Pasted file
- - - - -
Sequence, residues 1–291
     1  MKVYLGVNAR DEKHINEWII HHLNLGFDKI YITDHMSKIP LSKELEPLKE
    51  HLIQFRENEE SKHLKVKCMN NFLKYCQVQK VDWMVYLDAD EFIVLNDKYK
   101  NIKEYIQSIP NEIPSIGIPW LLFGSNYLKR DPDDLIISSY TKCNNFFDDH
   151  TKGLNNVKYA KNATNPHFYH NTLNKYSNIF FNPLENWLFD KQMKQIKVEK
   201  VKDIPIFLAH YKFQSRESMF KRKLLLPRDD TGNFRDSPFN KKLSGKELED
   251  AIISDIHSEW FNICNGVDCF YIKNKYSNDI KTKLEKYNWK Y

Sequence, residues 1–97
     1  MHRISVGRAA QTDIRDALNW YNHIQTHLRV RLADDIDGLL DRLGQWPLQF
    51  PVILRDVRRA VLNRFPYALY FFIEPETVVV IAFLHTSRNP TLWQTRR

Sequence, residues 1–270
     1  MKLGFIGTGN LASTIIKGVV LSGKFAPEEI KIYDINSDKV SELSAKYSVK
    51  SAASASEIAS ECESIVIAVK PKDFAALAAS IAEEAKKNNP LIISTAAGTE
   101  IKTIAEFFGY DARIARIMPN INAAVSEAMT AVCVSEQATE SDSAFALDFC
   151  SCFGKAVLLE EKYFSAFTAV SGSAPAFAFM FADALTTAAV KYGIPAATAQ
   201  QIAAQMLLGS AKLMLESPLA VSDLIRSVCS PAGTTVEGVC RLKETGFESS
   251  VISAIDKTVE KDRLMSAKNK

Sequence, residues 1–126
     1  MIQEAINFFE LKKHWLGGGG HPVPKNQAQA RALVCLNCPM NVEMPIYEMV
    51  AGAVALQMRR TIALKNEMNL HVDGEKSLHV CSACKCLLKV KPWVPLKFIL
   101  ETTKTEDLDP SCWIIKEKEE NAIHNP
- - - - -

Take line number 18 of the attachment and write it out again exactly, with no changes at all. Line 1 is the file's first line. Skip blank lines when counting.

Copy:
Sequence, residues 1–126